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Sacrilege and Redemption in Renaissance Florence: The Case of Antonio Rinaldeschi (2nd ed.)

In Florence, in the summer of 1501, a man named Antonio Rinaldeschi was arrested and hanged after throwing horse dung at an outdoor painting of the Virgin Mary. His punishment was severe, even for the times, and the crimes with which he was formally charged — gambling, blasphemy and attempted suicide — did not normally warrant the death penalty.

Sacrilege and Redemption in Renaissance Florence unveils a series of newly discovered sources concerning this striking episode. The authors show how the political and religious context of Renaissance Florence resulted both in Rinaldeschi’s death sentence and in the creation by Savonarola’s followers of a new religious devotion in the heart of the city commemorating the event.

WILLIAM J. CONNELL, professor of history, holds the Joseph M. and Geraldine C. La Motta Chair in Italian Studies and directs the Charles and Joan Alberto Italian Studies Institute at Seton Hall University. His books include La citta’ dei crucci: fazioni e clientele in uno stato repubblicano del ’400 and a new translation of Machiavelli’s Prince.

GILES CONSTABLE is retired professor of history at the Institute for Advanced Study and former H. C. Lea Prfoessor of Medieval History at Harvard University and director of Dumbarton Oaks in Washington D.C. He has written and edited about twenty books and upward of eighty articles.

Reviews:
The English Historical Review, 22.496 (2007), pp. 535-536. Reviewed by George Holmes.
The Journal of Modern History, 80.3 (2008), pp. 683-684. Reviewed by James R. Banker.
Renaissance Quarterly, 59.3 (2006), pp. 853-854. Reviewed by Thomas Kuehn.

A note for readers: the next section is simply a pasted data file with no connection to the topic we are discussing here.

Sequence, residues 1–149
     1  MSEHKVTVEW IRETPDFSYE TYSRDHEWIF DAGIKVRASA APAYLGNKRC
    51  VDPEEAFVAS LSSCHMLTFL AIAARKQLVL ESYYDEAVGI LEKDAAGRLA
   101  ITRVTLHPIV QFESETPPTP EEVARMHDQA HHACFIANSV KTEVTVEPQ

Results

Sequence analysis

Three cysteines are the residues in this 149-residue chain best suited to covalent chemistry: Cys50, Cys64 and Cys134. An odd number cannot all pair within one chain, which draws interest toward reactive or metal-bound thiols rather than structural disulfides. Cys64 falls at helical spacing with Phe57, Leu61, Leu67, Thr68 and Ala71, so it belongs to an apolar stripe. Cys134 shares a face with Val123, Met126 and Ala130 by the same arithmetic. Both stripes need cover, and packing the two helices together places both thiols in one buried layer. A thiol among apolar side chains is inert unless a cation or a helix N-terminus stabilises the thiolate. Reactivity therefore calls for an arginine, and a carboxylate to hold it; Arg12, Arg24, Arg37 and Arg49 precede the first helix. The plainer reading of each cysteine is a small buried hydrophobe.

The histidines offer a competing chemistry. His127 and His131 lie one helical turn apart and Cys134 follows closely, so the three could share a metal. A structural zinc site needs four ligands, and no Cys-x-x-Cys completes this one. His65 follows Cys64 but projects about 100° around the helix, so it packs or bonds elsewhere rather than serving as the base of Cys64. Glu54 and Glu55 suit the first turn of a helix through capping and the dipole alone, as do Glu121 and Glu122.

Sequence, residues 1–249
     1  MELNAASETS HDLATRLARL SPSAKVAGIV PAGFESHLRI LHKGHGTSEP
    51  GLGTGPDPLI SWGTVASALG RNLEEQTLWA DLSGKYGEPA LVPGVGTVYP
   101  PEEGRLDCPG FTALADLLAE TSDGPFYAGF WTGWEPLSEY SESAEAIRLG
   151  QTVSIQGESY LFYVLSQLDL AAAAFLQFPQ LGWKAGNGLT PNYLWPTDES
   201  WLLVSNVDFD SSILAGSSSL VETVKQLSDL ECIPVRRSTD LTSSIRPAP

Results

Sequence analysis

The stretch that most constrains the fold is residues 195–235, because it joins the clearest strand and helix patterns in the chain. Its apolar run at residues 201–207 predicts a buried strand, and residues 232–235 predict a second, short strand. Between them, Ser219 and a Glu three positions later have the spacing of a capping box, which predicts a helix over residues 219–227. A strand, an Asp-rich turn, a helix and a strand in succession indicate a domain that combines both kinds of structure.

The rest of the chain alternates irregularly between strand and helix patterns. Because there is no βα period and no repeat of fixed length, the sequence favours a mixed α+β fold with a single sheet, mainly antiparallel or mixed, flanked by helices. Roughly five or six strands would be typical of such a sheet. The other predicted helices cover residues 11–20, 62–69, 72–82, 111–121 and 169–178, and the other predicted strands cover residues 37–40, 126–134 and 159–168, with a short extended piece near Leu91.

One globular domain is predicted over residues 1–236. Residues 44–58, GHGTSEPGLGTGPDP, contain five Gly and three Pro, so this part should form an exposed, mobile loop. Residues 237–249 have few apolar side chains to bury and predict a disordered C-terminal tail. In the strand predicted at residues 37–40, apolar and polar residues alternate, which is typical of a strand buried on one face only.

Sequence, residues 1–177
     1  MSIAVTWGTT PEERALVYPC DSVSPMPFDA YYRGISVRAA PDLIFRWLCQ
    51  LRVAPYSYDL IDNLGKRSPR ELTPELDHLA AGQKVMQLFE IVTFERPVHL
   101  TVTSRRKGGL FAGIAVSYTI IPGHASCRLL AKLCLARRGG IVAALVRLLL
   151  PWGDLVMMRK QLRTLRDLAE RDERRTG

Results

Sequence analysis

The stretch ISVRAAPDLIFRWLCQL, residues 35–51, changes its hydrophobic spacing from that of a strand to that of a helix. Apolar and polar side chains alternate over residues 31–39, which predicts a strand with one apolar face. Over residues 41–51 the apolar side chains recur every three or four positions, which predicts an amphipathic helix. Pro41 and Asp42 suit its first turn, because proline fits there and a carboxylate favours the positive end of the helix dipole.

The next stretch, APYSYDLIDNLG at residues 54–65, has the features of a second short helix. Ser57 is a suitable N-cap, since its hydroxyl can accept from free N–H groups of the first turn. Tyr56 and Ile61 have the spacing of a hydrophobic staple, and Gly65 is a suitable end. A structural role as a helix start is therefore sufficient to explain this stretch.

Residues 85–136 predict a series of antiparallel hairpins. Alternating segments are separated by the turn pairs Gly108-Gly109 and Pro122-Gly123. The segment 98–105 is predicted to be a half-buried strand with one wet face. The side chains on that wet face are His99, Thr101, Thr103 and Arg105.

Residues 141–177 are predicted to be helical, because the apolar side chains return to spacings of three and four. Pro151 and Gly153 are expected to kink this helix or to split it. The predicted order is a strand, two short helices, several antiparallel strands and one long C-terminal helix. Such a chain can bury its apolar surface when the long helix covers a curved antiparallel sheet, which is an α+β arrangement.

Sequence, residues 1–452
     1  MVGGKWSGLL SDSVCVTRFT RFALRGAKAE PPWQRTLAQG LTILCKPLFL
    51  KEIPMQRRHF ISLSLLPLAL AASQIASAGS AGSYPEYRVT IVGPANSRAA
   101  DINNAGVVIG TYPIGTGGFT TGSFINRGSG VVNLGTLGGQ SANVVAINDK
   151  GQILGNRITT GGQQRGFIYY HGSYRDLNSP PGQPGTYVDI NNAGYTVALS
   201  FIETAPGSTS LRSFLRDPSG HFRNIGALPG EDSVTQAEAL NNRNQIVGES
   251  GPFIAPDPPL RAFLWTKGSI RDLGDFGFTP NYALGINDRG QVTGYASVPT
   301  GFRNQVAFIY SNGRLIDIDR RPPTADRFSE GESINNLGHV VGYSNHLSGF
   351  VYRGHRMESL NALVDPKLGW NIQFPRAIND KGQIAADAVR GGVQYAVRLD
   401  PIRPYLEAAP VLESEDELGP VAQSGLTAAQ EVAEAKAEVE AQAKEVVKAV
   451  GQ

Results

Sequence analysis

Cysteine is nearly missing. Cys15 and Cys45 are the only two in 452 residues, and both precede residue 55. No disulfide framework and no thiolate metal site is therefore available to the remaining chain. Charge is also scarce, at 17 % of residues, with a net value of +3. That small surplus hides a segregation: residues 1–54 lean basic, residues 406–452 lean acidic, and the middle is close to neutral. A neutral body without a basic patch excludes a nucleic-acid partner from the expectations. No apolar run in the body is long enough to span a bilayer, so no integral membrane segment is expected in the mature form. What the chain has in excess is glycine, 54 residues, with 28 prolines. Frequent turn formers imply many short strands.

The Sixteenth Century Journal, 39.1 (2008), pp. 201-202. Reviewed by Stefano Dall’Aglio.
Times Literary Supplement, 5373 (March 24, 2006), p. 36. Reviewed by Alastair Sooke.

In Florence, in the summer of 1501, a man named Antonio Rinaldeschi was arrested and hanged after throwing horse dung at an outdoor painting of the Virgin Mary. His punishment was severe, even for the times, and the crimes with which he was formally charged — gambling, blasphemy and attempted suicide — did not normally warrant the death penalty.

Sacrilege and Redemption in Renaissance Florence unveils a series of newly discovered sources concerning this striking episode. The authors show how the political and religious context of Renaissance Florence resulted both in Rinaldeschi’s deat...

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book Details

  • Page Count:

    137 pages

  • Publication Year:

    2012

  • Publisher:

    Centre for Reformation and Renaissance Studies, Victoria University in the University of Toronto
  • Series:

    • Essays and Studies 8

Ebook

USD$ 24.95 ISBN 978-0-7727-2040-5 Order Ebook

Print

USD$ 24.95 ISBN 978-0-7727-2040-5 Order Print Book

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